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by Brette McWhorter Sember
Sphinx, 2002
Review by James E. de Jarnette, Ph.D. on Sep 5th 2003

The Visitation Handbook

In the Preface to The Visitation Handbook, Brette McWhorter Sember, an attorney at law, calls this book, "two books in one."  It is a flip book.  The custodial parent reads the side for them that is roughly half the book, and the non-custodial parent reads the side, upside down for the custodial parent i.e. by flipping over the book with a new cover, etc., as written for them.  This kitsch little maneuver is clever if you are a teenager, but not so clever for an adult. 

Much of the material presented in one side of the book is presented in the other side of the book.  This is tedious.  It is this reviewer's opinion that both custodial and non-custodial parent would benefit greatly from reading an integration of both sides of the book presented in a straightforward manner.  Each parent needs to be aware of what each other is really going through and the advice given to both parents.

In the How To Use This Book section the author states, "Read this book and pay careful attention to the chapters that speak to your immediate concerns."  This is a good admonition; however, as a custody evaluator who is asked by the court for evaluations when modification of child custody comes to the judges' attention, it is often the things that the parent doesn't think important that is at issue and in many cases is harming the "best interests of the child."

The book stresses in some parts and dances around the topic of the letter of the law and the spirit of the law as far as modifications to court ordered visitations.  Most courts, when they issue a specific order as far as visitation times, dates, vacation times, etc. want their order obeyed.  It is not up to the divorced parents to change the court order where it is more convenient for them.  In many courts here in California, special mediators (often child custody evaluators) are given limited judicial authority to modify orders as far as the housekeeping about set days for visitation or when modifications as far as vacation times, etc. are in question.  Court orders are never at the whim of the parties involved.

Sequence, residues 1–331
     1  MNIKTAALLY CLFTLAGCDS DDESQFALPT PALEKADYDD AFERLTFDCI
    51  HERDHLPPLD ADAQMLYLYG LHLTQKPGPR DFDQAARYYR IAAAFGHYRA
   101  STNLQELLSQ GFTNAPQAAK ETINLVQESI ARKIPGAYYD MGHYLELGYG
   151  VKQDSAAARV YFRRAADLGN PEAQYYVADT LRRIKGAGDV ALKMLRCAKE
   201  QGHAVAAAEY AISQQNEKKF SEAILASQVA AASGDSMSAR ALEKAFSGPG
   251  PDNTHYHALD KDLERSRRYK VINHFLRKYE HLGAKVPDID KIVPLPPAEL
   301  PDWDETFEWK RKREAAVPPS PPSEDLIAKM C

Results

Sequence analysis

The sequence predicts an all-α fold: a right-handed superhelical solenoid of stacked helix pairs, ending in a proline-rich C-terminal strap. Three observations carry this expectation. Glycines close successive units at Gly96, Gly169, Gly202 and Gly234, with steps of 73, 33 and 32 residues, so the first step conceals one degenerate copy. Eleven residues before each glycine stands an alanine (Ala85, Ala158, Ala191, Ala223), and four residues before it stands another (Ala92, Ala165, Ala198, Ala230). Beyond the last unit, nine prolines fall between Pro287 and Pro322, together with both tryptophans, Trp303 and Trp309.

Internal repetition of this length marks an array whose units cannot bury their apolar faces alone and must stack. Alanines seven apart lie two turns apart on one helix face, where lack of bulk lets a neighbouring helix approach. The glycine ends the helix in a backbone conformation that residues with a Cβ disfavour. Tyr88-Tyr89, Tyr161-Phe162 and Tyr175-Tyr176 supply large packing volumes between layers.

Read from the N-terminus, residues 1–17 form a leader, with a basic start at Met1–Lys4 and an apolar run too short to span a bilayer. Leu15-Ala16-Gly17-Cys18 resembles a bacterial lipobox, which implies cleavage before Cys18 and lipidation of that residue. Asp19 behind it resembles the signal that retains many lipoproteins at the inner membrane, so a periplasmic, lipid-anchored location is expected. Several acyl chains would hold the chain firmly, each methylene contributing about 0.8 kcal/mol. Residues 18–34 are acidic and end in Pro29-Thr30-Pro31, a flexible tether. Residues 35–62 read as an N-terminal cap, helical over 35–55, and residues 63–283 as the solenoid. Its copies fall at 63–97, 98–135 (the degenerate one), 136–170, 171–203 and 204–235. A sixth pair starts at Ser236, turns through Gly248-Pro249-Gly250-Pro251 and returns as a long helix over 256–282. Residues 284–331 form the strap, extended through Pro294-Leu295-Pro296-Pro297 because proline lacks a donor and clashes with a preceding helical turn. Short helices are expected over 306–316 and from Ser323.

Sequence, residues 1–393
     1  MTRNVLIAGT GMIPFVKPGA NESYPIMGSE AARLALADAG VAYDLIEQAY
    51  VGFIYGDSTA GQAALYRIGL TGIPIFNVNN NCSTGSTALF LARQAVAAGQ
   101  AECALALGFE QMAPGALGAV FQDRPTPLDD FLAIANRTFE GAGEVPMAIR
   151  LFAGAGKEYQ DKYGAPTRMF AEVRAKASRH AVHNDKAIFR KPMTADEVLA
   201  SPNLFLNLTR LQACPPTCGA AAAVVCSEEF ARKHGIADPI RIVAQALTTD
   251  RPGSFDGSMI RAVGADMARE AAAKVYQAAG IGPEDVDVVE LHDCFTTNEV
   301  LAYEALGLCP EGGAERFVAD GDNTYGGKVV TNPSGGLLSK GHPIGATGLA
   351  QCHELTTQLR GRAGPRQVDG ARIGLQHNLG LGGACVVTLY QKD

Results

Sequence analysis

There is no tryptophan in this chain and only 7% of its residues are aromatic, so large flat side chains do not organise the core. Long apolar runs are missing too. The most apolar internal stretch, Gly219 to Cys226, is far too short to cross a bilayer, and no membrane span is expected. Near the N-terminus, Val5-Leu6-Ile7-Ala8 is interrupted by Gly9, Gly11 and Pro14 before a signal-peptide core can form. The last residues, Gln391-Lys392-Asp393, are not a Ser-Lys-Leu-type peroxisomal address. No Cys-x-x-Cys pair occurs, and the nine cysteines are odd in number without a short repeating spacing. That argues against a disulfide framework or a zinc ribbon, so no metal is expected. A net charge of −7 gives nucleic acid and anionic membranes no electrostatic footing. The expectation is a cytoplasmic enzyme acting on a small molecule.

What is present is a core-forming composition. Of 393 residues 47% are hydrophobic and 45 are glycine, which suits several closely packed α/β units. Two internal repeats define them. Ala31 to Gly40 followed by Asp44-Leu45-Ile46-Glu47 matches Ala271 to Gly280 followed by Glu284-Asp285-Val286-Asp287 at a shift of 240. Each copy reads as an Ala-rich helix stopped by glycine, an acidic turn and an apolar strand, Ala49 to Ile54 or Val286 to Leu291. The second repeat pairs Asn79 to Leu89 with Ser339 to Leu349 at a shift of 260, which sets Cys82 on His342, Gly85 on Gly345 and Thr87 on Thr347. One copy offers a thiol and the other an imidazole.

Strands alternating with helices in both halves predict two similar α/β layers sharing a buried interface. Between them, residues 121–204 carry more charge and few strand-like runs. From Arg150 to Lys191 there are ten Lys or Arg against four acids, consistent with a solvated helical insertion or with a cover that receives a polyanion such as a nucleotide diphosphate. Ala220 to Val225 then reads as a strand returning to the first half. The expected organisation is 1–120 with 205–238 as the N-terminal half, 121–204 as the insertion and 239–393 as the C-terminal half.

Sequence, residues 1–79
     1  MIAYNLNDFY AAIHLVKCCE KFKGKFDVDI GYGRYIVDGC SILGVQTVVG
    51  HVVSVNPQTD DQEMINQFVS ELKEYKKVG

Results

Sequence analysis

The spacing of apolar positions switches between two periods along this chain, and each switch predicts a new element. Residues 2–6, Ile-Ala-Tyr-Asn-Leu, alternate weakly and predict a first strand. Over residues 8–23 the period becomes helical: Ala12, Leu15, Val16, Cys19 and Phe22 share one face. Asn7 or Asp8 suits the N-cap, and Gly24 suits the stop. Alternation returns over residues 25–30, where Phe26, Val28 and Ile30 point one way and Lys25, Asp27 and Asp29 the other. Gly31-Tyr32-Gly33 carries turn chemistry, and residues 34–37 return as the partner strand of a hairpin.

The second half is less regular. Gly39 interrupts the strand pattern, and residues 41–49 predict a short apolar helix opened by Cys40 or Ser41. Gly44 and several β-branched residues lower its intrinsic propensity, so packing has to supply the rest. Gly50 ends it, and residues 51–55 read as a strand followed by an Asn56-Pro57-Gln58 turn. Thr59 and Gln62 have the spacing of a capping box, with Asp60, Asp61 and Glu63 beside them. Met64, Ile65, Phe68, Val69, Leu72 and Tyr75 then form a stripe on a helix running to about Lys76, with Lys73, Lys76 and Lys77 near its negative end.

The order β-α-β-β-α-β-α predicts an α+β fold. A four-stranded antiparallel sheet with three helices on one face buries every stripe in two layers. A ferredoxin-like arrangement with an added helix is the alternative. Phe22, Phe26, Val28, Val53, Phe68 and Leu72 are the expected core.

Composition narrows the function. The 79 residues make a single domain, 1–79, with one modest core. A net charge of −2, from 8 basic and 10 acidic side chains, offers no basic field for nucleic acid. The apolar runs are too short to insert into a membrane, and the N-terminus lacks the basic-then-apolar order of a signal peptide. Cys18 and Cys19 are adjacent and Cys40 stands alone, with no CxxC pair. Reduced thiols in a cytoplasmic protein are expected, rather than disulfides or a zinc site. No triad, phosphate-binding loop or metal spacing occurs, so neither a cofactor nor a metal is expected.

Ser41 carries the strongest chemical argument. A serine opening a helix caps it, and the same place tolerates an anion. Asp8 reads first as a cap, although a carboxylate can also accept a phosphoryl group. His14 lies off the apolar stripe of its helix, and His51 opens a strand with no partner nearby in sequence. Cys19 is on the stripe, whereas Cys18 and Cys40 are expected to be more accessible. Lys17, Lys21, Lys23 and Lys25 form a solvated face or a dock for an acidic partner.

The Visitation Handbook does go into an area that usually comes up with divorced parents and their children.  In the section dealing with, WHEN YOUR CHILD DOES NOT WANT TO GO VISIT, the author puts forth a great deal of very pertinent information.  He says,

"Visitation is not optional for your child, just as it is not optional for you.  Spending time with one's parents is a lifelong commitment.  When your children are adults, they can decide for themselves if they wish to continue their relationships with their parents.  While they are children they do not have this choice.  You are the parent and you must make sure that your child follows the rules that have been created for your family.  Furthermore, you have been ordered by the court to allow visitation at scheduled times.  If you do not, you are violating a court order and can be held in contempt of court, which can mean jail time and fines, not to mention the fact that you could lose custody."

This quote is very unambiguous and applies to both the custodial and the non-custodial parent.  This very issue is the reason that so very many people are back in front of a judicial officer or the court's designated arbitrator.

The setting of rules is another very good section.  It talks directly about a problem that separated parents have with their children and each other.  This quote says it all, "As a parent, your job is to help your child obey and live with rules, no matter who has created them and whether they are right or wrong."  It is the parents' responsibility to make the judgment as to whether or not a rule is harmful for the child or not.  If the child is being harmed in your opinion, "The best way to handle this is to discuss it with him or her when your child is not present.  You also have to learn to step back and evaluate just how important this is…just because a child is unhappy about a rule does not mean it is wrong."

On the whole this is a very good book for both the custodial and non-custodial parent.  It presents, in a simple format, many of the issues that newly divorced parents will face with their child and with each other.  It is a condensed book.  Many libraries are full of books on child development, discipline, etc.  This book does give good references for further reading.  It is this reviewer's opinion that both parents should read both sides of the flip book and use the resource guide to get more in-depth information.   The resource guide is easily worth the cost of the book alone.


© 2003 James E. de Jarnette


James E. de Jarnette, Ph.D., Forensic Child Custody Evaluator